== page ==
The Nebraska Peace Foundation is an organization in Lincoln that fights against climate change, racism, and nuclear weapons. It also owns one share of Berkshire-Hathaway Class A Common Stock. Recently, the group says it filed a shareholder resolution that would make the company’s insurance division report on how it addresses climate change risk.

Warren Buffett responded in his annual letter, which was released over the past weekend. (The company didn't immediately comment on NPF taking credit for raising the issue.) Buffett's eight-paragraph, almost 600-word position statement simultaneously achieved two things: It provided a simple and direct explanation of the dangers of climate change. It also showed how difficult it is for business and government to tackle the problem. 

Here are five sections of the letter that tell the big story: 

1) Buffett has a mixed portfolio when it comes to climate change.
“[Berkshire Hathaway Energy] has invested $16 billion in renewables and now owns 7 percent of the country’s wind generation and 6 percent of its solar generation. Indeed, the 4,423 megawatts of wind generation owned and operated by our regulated utilities is six times the generation of the runner-up utility. We’re not done.”

Buffett didn’t become Buffett by ignoring which way the wind blows. And one thing that’s going on around him is an energy revolution that's brought the costs of solar- and wind-powered electricity down to levels unthinkable a decade ago. It’s a terrible time for the U.S. coal industry, which is suffering through bankruptcies brought on by abundant, inexpensive natural gas. Coal is also public enemy No. 1 among those fighting climate change. Buffett’s support for the climate accord reached in Paris last year seems less than full-throated when you consider his ownership of BNSF Railway, the company that, according to its website, “hauls enough coal to power one out of every ten homes in America.”

2) There's no such thing as certainty.
“It would be foolish, however, for me or anyone to demand 100 percent proof of huge forthcoming damage to the world if that outcome seemed at all possible and if prompt action had even a small chance of thwarting the danger.”

Buffett offers a powerful way to think about climate risk, even in the context of his own stated lack of expertise on the topic. He says that climate change is “highly likely” while seeking to excuse his lack of total certainty.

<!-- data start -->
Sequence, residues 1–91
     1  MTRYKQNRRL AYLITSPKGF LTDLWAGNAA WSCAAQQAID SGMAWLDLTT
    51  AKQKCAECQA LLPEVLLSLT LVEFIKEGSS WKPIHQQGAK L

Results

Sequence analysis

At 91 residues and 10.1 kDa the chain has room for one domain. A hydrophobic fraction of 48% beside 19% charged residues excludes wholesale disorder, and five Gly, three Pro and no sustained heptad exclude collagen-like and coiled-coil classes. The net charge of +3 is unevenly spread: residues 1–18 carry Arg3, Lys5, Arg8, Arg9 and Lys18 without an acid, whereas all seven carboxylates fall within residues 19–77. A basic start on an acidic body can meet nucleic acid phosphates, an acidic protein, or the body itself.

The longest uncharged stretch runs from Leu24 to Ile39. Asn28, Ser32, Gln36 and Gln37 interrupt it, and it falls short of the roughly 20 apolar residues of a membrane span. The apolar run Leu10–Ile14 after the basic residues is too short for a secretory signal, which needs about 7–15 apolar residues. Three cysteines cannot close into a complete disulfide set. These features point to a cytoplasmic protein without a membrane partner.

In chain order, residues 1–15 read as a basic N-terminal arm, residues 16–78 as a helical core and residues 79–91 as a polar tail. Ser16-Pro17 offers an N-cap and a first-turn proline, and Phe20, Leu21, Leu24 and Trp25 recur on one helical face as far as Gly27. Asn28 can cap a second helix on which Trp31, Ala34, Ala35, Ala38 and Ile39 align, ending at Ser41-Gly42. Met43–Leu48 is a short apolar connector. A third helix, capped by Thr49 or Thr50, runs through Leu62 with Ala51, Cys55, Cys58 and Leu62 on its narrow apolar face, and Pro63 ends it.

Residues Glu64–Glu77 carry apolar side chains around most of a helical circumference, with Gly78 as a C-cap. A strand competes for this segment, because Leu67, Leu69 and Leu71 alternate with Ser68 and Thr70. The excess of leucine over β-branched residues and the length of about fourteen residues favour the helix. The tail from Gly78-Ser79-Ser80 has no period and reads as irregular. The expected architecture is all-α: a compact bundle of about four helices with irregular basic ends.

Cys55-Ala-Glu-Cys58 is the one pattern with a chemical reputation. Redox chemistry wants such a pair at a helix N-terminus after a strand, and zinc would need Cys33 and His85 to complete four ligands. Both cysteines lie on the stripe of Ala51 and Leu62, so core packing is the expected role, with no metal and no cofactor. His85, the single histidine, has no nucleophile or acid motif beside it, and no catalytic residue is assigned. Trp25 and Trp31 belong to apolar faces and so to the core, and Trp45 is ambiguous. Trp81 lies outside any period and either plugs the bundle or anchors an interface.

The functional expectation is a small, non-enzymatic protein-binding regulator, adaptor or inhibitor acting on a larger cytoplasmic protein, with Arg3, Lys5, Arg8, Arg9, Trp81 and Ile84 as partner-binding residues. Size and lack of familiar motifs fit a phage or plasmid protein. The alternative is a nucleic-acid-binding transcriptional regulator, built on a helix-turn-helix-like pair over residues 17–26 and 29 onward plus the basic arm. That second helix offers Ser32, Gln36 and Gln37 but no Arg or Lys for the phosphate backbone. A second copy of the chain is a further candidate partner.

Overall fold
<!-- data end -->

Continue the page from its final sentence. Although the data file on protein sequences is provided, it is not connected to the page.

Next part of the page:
This is an important idea because he's not alone. Experts often make the same statement because the entire scientific enterprise is predicated on lack of certainty. Buffett applies a similar, theoretical opposition to absolutism throughout his letter, in which "almost certain" is a phrase used multiple times to express high confidence in something. (Where he's "certain" in the letter, it's the thing he's possibly most famous for: "[I]nvestors who diversify widely and simply sit tight with their holdings are certain to prosper.")

Buffett's (and scientists') penchant for "almost-certainty" stands in sharp contrast to U.S. political culture. It’s no wonder that climate change is an intractable political problem in America: How can politicians, who so frequently deal only in absolutes, embrace science, wherein "100 percent" is a philosophical impossibility?

3) Climate change in a nutshell.
“This issue bears a similarity to Pascal’s Wager on the Existence of God. Pascal, it may be recalled, argued that if there were only a tiny probability that God truly existed, it made sense to behave as if He did because the rewards could be infinite whereas the lack of belief risked eternal misery. Likewise, if there is only a 1 percent chance the planet is heading toward a truly major disaster and delay means passing a point of no return, inaction now is foolhardy.”

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